Press Releases

Legal Action Cites Chrysler, Producers for Continuing Use of Lead-Based Wheel Weights

Public Health Watchdog Says Automotive Wheel Weights Pose Pollution Threat to California Drinking Water

Oakland, CA – The Center for Environmental Health today initiated legal action to stop the sale of lead-based wheel weights in the state of California, due to the threat of lead pollution to the state's waterways from wheel weights that fall from cars and trucks. The Center notified the major producers of wheel weights and Chrysler, a leading auto maker, that the lead-based weights are illegal under state's safe drinking water law. While other auto makers have eliminated or are moving away from the use of lead wheel weights, Chrysler continues to use the lead-polluting product for most of its new U.S. car models.

"Lead from wheel weights poses a threat to safe, clean drinking water in California," said Caroline Cox, Research Director for the Center for Environmental Health and author of the Center's report released today, Polluted Highways, Poisoned Waters: Lead in Wheel Balancing Weights. "Since affordable, effective alternatives exist, there is no excuse for the continued use of lead that can end up as a water hazard to people and the environment."

According to the U.S. Geological Survey(USGS), about 65,000 tons of lead wheel weights are in use on cars and trucks in the U.S., and it is estimated that at least 3% of wheel weights fall off of cars and trucks. USGS states that the discarded wheel weights "drop to the road surface where they become abraded by vehicle traffic, eventually becoming dissipated into the environment by wind and storm water." CEH estimates that approximately 500,000 pounds of lead was released into the environment in California in 2006 as a result of wheel weights being ejected from automobile wheels.

The Ecology Center, based in Ann Arbor Michigan, has worked for several years to expose the problem of lead wheel weights and advocate for alternatives, and has developed a list of new cars made with lead-free wheel weights ( ).  "Many automakers have eliminated or are phasing-out the use of lead wheel weights, but most tires in the U.S. are still balanced with toxic lead," said Jeff Gearhart, Auto Project Campaign Director of The Ecology Center. "In Europe and Asia, lead wheel weights have been replaced to protect people and the environment from unnecessary lead exposures. There's no reason we should have lesser standards for protecting Americans from lead pollution."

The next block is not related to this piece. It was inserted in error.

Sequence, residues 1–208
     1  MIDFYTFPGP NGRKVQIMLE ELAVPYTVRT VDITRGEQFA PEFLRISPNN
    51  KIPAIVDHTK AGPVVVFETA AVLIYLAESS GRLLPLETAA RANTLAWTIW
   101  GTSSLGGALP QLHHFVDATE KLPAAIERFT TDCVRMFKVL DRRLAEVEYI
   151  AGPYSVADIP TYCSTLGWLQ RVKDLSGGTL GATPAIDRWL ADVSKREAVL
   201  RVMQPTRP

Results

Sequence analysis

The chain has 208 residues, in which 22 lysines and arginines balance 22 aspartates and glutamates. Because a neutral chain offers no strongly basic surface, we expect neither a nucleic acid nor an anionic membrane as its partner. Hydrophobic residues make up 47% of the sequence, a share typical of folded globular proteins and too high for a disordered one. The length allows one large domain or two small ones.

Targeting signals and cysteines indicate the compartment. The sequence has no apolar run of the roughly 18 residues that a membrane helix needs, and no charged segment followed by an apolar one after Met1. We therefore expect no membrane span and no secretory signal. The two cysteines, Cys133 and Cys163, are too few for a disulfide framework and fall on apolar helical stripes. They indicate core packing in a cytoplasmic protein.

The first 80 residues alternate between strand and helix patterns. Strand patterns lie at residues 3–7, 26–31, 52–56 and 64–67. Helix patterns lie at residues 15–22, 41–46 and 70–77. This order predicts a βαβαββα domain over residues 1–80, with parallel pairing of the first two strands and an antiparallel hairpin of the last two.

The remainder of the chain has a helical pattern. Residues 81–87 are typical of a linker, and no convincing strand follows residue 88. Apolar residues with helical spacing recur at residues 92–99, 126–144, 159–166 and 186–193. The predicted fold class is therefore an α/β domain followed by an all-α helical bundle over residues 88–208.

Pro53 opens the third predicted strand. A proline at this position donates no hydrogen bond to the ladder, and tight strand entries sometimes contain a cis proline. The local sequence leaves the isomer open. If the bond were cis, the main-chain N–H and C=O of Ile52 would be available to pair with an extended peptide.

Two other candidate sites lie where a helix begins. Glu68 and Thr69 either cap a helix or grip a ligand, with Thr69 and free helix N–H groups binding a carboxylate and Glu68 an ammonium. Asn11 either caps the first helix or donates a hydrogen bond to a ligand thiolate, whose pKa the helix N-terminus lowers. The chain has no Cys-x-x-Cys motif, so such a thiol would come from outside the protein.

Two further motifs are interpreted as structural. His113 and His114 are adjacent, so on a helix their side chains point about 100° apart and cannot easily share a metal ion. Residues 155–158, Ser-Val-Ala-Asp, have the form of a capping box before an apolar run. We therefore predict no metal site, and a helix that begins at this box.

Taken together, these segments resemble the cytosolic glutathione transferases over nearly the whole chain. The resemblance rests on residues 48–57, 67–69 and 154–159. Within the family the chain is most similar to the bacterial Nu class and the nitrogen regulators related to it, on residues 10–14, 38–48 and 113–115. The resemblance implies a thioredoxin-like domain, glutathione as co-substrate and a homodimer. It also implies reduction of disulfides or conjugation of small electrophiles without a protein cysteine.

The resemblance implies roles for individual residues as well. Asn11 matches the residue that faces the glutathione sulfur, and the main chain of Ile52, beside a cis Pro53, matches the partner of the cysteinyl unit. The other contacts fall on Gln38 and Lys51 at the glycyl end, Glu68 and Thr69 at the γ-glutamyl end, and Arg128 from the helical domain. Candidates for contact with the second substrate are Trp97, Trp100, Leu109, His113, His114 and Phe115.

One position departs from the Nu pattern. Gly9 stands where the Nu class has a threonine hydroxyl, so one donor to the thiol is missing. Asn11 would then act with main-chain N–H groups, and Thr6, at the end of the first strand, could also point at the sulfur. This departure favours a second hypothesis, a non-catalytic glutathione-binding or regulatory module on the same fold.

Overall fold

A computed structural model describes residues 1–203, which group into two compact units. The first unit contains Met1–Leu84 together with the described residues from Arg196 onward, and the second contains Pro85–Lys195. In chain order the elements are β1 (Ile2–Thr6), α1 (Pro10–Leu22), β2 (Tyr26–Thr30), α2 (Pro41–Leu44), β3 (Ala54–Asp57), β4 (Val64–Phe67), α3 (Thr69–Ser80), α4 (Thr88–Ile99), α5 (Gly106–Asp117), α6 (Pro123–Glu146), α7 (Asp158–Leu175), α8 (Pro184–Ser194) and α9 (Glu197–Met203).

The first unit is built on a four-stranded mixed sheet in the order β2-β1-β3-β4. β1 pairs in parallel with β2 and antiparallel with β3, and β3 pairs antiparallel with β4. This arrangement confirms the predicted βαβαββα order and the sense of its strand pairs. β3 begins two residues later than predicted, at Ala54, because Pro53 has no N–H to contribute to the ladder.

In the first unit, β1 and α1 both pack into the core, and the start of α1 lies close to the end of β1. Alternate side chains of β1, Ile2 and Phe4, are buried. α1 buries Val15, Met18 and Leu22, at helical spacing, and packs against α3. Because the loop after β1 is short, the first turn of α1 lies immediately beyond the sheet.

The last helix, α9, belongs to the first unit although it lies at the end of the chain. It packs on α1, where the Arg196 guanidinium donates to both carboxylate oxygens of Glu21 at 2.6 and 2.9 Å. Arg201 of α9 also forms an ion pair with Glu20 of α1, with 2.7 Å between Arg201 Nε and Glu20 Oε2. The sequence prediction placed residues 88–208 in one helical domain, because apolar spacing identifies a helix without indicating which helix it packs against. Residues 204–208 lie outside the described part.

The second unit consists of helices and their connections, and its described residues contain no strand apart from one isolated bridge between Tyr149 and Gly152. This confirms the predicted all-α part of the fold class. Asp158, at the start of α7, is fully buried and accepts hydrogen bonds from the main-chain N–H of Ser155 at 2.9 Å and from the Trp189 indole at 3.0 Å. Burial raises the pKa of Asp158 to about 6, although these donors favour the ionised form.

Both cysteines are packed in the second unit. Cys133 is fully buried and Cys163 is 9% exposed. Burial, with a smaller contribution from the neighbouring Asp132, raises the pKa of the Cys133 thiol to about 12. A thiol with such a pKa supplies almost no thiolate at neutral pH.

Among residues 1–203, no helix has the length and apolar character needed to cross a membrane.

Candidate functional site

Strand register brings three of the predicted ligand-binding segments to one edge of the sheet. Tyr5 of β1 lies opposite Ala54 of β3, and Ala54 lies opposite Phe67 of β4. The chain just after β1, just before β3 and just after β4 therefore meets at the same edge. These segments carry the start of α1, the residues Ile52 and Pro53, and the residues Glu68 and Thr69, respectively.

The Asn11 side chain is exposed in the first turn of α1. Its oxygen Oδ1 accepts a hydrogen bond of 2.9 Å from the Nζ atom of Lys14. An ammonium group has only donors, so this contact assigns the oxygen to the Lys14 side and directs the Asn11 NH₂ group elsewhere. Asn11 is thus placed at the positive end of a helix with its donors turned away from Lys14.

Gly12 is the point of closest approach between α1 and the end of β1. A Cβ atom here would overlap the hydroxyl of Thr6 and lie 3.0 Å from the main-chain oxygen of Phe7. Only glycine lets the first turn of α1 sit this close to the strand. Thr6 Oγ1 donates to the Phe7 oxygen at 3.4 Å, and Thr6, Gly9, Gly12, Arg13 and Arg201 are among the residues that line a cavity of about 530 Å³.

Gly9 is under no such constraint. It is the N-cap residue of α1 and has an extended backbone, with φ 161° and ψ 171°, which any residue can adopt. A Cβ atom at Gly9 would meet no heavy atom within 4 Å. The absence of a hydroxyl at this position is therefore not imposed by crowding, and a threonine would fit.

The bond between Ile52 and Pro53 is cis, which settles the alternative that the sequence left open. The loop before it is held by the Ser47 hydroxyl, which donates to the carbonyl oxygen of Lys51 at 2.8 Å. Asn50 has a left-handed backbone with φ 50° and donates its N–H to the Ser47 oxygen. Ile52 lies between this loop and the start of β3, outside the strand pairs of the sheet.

In 2005, the Ecology Center petitioned EPA, calling for a federal ban on lead wheel weights. The petition was supported by the states of Maine and Minnesota. Maine's comments in support of the petition noted that state water quality data showed that lead levels in runoff from many roadsides and parking lots exceeded safe limits established by the state.

While lead pollution prevention advocates and regulators have called for ending the use of lead wheel weights, the Tire Industry Association has resisted change, and testing earlier this year by the Ecology Center found no Chrysler models with lead-free wheel weights. But lead wheel weights are being phased out in Japan and Korea, and have been banned in Europe, and even the tire industry trade publication Tire Review Online acknowledged that "Europe moved smoothly to lead-free [wheel weights for their] vehicles."

A peer-reviewed study in 2000 found that lead pollution from wheel weights "is continuous, significant, and widespread, and is potentially a major source of human lead exposure." The study also noted that the highest rate of lead deposition likely occurs in urban areas, posing a significant lead poisoning threat to poor and minority populations that are already disproportionately impacted by other sources of lead. Robert Root, the author of the study, says of today's action, "I am hopeful that California will pave the way to ridding the nation of this potential major source of urban lead exposure."

In addition to Chrysler, CEH today sent legal notices to the following leading makers of lead wheel weights: Hennessy Industries of Bowling Green, KY, a subsidiary of Danaher Corporation of Washington, DC; Perfect Equipment, Inc. of La Vergne, TN; and Plombco of Valleyfield, Quebec, Canada. In response to the growing demand from automakers, all three wheel weight producers also market lead-free wheel weights, sometimes touting the environmental benefits of the lead-free product. Plombco, for example, advertises its "New Lead-Free Wheel Weights" as "an environmentally safe alternative to lead."

"These companies know that lead is unsafe, yet they continue to sell lead-based wheel weights that can end up in our kids' drinking water" said Charlie Pizarro, Associate Director of CEH. "We intend to change this irresponsible corporate behavior and eliminate this hidden poison in California."

CEH initiated legal action today under California's "Safe Drinking Water and Toxic Enforcement Act of 1986," commonly known as Prop 65. The nonprofit has a ten-year track record of using Prop 65 to stop toxic air emissions from polluting facilities and to protect children from hidden lead risks in consumer products, including vinyl baby bibs, lunchboxes, baby powders, children's medicines, imported candies, and metal and vinyl jewelry.

Click here for the CEH report, "Polluted Highways, Poisoned Waters: Lead in Wheel Balancing Weights